Le'Veon Bell, RB, Pittsburgh Steelers.
While the country began to enter Thanksgiving's tryptophan-induced food comas—which, by the way, are nothing more than a myth*—NFL players took the field to kick off Week 13.
Unfortunately, injuries followed close behind.
A number of key players went down during Thursday's action, and the ramifications will become more apparent in the coming days as teams conduct further exams and MRIs.
Let's take a look, starting with those from the early game—Green Bay versus Detroit—and continuing on into the late-afternoon and evening matchups.
*As mentioned, the notion that consuming tryptophan causes sleepiness is a myth. More than likely, eating unusually large quantities of food on Thanksgiving diverts a greater proportion of blood and energy to the digestive system, leading to drowsiness. In fact, according to this article by Lisa Zamosky of Web MD, turkey actually contains less tryptophan than, say, chicken.
Evan Dietrich-Smith, C, Green Bay Packers.
Evan Dietrich-Smith, C (knee)
According to ESPN's Rob Demovsky, Dietrich-Smith went down with a knee injury in the second quarter on Thursday—his second in less than a month.
Needless to say, a "knee injury" is not a very specific diagnosis, and further details will likely emerge soon.
The amount of missed time can range from none at all to much, much longer. Physical exams and, if indicated, an MRI will clarify a prognosis.
Ryan Taylor, TE (possible concussion)
Taylor found himself on the receiving end of a helmet-to-helmet collision with Detroit's DeAndre Levy, and the official Packers Twitter account had the news of his possible concussion shortly thereafter.
In the locker room, doctors and medical staff likely examined Taylor's memory, balance and orientation to place and time, among other criteria. The existence of significant abnormalities implies a concussion.
If doctors made such a diagnosis, the Packers tight end cannot return to the field before completing the NFL's standardized return-to-play protocol, a process that requires at least three days—and often more.
Calvin Johnson, WR, Detroit Lions.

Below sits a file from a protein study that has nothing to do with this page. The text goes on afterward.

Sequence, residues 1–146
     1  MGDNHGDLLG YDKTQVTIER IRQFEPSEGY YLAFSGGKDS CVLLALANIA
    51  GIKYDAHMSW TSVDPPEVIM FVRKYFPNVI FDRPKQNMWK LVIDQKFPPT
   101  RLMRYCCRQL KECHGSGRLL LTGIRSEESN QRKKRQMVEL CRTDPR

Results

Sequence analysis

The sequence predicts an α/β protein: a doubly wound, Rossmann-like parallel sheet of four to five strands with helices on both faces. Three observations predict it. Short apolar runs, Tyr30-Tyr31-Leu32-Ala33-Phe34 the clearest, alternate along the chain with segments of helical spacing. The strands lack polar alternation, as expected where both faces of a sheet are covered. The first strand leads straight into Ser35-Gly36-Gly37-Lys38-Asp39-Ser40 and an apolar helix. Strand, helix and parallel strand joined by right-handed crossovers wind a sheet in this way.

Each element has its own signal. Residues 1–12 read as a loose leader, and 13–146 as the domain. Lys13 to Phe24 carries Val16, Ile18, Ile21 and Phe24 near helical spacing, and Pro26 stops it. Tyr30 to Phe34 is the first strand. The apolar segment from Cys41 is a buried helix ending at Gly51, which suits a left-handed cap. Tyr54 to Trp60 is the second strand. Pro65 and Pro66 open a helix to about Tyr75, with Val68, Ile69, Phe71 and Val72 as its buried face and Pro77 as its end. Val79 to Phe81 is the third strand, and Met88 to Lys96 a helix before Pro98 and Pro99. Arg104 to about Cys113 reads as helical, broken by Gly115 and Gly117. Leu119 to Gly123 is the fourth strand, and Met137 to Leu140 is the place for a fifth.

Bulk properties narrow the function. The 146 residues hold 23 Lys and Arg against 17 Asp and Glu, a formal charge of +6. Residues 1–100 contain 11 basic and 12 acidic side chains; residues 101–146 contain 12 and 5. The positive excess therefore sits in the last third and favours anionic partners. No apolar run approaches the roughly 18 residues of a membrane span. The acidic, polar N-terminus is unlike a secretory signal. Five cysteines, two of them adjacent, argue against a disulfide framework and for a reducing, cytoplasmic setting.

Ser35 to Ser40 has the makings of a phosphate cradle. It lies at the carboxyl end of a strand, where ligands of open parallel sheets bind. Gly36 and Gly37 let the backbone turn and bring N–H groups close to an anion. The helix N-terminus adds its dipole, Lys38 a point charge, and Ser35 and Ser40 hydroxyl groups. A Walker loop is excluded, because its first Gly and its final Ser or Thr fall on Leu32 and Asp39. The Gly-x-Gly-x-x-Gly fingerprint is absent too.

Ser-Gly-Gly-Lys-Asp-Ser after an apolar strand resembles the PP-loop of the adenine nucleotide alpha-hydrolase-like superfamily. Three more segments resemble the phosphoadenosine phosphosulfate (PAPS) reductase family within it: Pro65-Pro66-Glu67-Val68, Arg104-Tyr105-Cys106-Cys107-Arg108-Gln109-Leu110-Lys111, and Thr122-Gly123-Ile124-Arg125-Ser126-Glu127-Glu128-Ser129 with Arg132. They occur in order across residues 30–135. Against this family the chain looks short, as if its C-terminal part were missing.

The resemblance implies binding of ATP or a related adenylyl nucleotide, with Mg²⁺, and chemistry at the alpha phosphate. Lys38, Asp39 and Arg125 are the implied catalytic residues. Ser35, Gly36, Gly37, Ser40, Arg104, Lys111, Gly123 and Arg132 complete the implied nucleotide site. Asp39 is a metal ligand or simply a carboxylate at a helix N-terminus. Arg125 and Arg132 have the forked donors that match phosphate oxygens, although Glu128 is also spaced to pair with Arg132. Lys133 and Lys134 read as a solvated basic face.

Fortunately, the Detroit Lions avoided serious injuries during their 40-10 blowout of the Green Bay Packers. However, the Motor City briefly held its collective breath when superstar wide receiver Calvin Johnson arose from the ground slowly at one point on Thursday.
According to Lions senior writer Tim Twentyman, Johnson received medical attention on the training table during the game.
Luckily, he quickly returned. With Detroit's next game on Dec. 8, there is no reason to expect any missed time at this point.
Rashad Jennings, RB, Oakland Raiders.
Mike Brisiel, G (knee)
Details are lacking, but the official Raiders Twitter account reported Brisiel sustained an unclear knee injury on Thursday. Further testing, up to and including an MRI, may prove necessary in the coming hours and days.
In the best-case scenario, an extended layoff between games may help Brisiel return for Week 14, but knee injuries are never a guarantee—and often quite the opposite.
Mike Jenkins, CB (shoulder)
Jenkins took some unfortunate friendly fire when a teammate contacted him in the head and neck area. Though he briefly returned to the game, TV cameras then showed him heading to the locker room.
The Raiders Twitter account later announced a shoulder injury.
The exact injury Jenkins suffered remains unclear, and the differential diagnosis remains broad. A stinger—where the nerves in the neck stretch and cause numbness or weakness in the arm or shoulder on the same side—is one definite possibility. Usually, stinger symptoms resolve quickly—but not always.
A mild shoulder contusion or sprain is also high on the list of possibilities.
Rashad Jennings, RB (concussion)
A brutal knee to the side of the head possibly caused Jennings to lose consciousness late in the afternoon Thursday. He briefly lay face-down on the ground motionless after the hit.
After medical staff tended to him and brought him to his feet, a dazed facial expression and poor balance became immediately apparent, confirming the concussion diagnosis.
Jennings must complete the NFL's concussion protocol before returning to the field. With nine days to do so, he has a decent chance to play Week 14, but he needs to overcome many obstacles before doing so.
Safety Usama Young: Shoulder, according to the Raiders Twitter account
Lance Dunbar, RB, Dallas Cowboys.
Lance Dunbar, RB (knee)
Dunbar sustained a hyperextended left knee toward the end of Dallas' matchup with the Raiders. A diagnosis of a knee sprain surfaced on the Cowboys Twitter account soon after.